The 1977 Rolling Stone piece by David McGee is very informative and from 1979 there is a short Washington Post article. This section also contains a poem by Charles Bukowski with a short introduction noting that it captures the entire Waitsian world.

In Part Two: The Middle Years, I found the following to be the most compelling: Peter Sabbag's in-depth 1987 article from the Los Angeles Times Magazine, a long formal question and answer interview by Glen O'Brien in a 1985 Spin magazine, 20 Questions from a 1988 Playboy and another question and answer interview from 1989 with Elvis Costello in Option.

Part Three: These Days, offers inter alia the following informative pieces: A 1999 Billboard review of Mule Variations and a short 1999 live review by Jon Pareles from the New York Times. From the same year there is a short review by Luc Sante in The Village Voice and an engaging conversational piece by David Fricke in Rolling Stone. There is also a short question and answer session from a 2004 Vanity Fair.

This section concludes with Nirvana, a 1992 poem by Charles Bukowski. It was included because in an interview with Soma magazine in 2002, Waits referred to this as his favorite poem.
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16 of 17 people found the following review helpful By Kar on August 20, 2005
Format: Paperback
I bought this book on Amazon thinking it would be a hip birthday gift bound to please a huge Tom Waits fan. I browsed through it before wrapping it and the next day I went to a book store to buy myself a copy. Turns out this book has essays and stories from some of my favorite artists and writers like Frank Black, Jim Jarmusch, Terry Gross (npr!), Charles Bukowski and Elvis Costello. It's been on my nightstand for a few months now. Indeed, this book was a nice surprise.
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20 of 23 people found the following review helpful By D. Sean Brickell on June 10, 2005
Format: Paperback
Talk about a can't-miss formula for success.

A. Take one of the foremost artists of the past 30 years.

B. Gather together interviews, reviews and just-plain-ol'- features done by the leading journalists of the period.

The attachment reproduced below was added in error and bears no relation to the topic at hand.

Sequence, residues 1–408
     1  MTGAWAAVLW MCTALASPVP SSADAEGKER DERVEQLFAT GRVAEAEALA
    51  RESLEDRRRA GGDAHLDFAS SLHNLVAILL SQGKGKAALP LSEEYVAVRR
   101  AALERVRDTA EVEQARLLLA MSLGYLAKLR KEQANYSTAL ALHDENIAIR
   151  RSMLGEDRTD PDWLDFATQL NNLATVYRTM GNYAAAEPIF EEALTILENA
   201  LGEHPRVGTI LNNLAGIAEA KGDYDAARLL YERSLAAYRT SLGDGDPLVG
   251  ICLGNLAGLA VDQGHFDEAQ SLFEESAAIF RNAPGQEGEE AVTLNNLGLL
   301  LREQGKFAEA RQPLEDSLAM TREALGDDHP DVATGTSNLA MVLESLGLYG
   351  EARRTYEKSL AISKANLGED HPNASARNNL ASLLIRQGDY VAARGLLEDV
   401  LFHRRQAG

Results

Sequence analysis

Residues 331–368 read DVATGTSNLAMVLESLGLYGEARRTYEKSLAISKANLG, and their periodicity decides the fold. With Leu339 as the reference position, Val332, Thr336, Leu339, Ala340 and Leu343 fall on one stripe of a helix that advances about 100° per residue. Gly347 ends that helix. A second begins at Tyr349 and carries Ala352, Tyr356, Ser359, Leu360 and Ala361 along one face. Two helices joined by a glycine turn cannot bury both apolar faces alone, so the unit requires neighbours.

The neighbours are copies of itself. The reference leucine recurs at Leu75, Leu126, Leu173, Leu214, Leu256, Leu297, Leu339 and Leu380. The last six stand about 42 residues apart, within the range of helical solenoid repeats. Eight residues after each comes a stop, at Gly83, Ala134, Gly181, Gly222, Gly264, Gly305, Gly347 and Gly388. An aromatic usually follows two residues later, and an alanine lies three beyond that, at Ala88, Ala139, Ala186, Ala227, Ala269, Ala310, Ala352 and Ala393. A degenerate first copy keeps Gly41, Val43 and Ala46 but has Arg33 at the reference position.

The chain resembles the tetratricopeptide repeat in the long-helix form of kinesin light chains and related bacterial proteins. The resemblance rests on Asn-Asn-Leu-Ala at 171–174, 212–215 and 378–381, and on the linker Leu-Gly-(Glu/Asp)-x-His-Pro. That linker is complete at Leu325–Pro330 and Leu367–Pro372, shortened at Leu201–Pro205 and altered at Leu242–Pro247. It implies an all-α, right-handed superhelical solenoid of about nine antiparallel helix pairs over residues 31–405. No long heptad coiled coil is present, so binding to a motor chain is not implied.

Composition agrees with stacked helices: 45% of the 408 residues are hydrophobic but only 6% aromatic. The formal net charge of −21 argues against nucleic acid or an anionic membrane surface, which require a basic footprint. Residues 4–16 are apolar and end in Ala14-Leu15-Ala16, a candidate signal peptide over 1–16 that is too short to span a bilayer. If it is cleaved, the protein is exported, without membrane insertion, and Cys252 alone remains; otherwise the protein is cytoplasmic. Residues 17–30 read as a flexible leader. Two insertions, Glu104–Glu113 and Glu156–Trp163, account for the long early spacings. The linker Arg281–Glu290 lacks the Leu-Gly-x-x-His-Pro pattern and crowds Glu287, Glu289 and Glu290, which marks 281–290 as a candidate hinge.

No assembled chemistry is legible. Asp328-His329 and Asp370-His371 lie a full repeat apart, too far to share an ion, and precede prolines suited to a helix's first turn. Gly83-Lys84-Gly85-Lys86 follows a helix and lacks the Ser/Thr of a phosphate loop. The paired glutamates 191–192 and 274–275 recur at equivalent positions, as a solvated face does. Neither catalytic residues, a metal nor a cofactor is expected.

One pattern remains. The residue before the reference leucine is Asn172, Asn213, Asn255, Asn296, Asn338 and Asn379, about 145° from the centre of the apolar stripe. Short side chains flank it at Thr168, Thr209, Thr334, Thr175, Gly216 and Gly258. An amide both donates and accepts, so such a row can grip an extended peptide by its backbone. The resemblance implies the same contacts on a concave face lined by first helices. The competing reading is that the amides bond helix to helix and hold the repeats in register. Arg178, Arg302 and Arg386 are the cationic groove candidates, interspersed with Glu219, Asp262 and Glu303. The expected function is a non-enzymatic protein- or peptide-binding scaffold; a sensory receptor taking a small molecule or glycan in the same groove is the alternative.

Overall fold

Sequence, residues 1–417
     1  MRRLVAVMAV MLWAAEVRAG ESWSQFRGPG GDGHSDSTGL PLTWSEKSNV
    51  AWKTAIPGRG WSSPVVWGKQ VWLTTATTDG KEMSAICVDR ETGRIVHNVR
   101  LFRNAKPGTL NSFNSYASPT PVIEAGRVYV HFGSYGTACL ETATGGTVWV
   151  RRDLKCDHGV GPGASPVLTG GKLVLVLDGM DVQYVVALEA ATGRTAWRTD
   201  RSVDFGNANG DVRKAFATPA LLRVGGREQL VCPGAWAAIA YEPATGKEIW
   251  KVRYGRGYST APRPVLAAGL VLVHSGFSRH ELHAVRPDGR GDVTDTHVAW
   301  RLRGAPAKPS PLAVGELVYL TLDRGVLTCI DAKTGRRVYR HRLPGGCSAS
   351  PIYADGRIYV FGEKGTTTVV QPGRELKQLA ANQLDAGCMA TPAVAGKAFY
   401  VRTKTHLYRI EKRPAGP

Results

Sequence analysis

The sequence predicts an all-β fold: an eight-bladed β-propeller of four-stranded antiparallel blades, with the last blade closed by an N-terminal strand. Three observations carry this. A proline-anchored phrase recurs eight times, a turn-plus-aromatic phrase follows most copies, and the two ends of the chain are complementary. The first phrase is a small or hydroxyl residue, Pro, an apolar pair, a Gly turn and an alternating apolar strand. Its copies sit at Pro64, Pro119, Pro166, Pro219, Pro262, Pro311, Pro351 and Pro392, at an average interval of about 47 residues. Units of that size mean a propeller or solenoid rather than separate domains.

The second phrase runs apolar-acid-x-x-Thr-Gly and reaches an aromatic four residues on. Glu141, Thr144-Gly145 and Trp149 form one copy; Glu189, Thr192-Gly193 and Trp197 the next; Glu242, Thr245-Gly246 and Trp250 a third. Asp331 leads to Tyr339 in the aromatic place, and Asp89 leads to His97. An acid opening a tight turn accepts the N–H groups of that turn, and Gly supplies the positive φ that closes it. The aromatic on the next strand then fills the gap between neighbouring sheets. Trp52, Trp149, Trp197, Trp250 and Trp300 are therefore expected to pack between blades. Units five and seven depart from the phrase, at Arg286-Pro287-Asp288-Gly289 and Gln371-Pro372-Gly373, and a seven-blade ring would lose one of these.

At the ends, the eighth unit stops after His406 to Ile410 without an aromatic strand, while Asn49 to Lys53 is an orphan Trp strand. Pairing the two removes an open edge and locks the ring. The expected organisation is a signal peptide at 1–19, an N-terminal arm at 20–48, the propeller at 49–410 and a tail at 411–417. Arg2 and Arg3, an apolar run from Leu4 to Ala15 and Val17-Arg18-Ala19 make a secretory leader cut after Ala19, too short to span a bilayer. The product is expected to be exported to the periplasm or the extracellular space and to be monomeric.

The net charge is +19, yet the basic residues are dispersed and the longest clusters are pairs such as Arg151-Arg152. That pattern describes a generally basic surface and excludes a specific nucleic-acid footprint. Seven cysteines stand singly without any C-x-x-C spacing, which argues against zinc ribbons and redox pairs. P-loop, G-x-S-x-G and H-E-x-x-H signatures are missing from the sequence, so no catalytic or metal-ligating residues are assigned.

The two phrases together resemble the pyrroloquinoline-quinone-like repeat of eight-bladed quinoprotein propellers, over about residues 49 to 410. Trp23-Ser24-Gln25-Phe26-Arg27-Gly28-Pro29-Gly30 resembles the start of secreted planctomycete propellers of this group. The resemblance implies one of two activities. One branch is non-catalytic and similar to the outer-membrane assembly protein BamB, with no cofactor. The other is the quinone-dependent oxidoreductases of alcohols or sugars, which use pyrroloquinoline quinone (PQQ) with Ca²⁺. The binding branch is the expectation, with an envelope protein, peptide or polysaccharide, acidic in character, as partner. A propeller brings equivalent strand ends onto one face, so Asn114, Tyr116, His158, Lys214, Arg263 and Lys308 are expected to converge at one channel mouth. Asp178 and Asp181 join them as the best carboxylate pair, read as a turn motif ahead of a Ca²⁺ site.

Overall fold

C. Compile into book format.

I'll tell you this! Don't pick it up at 11 p.m. before turning off the light to go to sleep. You'll stay awake all night reading -- and enjoying every word.

Wish I'd've thought of this book myself.
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8 of 8 people found the following review helpful By fluffy, the human being. on February 9, 2007
Format: Paperback
this is a thoroughly enjoyable book consisting of all things tom waits: interviews, reviews, articles, and such. mr waits comments on his approach to songwriting were the most consistently interesting aspect of the book for me and should be of great interest (for freshness of/and or off-kilter approach to song building) to all aspiring songsters. lacking a biography or autobiography, the world, for now, will have to make do with this well done book for an insight into this amazing artist.
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8 of 8 people found the following review helpful By Plato Hieronimus on June 7, 2005
Format: Paperback
If you love Tom Waits and his harder than Chinese Algebra lifestyle, then this book will be a delight. Reading it is like sitting down with a family member and hearing new stories about his life. It helps to fill out our perspective on this talented and quixotic man who lives by his gut and sings with his heart. Those of us who follow the scene are looking forward to seeing what Mr. Montandon has in store for us next.
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12 of 14 people found the following review helpful By J. Deighton on September 19, 2005
Format: Paperback
Forget the usual boring music interviews. Tom is absurd. This book is a load of fun. Makes me feel now like I did when I read Vonnegut in high school. Very little on the creative process, as Waits is no less creative in talking to interviewers as he is with his music.

Only downside is that a great bit of the NPR interview is left out when Tom grumbles at Terry Gross' suggestion that the song "God's Away On Business" is atheistic. "No. He's away on business. God's a busy guy. He'll be back." or something like that. See I wouldn't have to misquote it if it was in the book. I'm done nit picking now!
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6 of 6 people found the following review helpful By Monkeysan on June 7, 2005
Format: Paperback
If you're a Tom Waits fan, this is the book you've been looking for . It's engrossing, entertaining and enlightening. Editor Mac Montandon has done an excellent job of editing this volume, bringing together a collection of essays, interviews and other Waits-ian writings that accomplishes the seemingly impossible--rekindling that exhilirating feeling of discovery nearly every person who's ever listened to Tom Waits for the first time has come away with. No small feat. The Frank Black piece is the icing on a rum-soaked cake of a book that is a delight from start to end.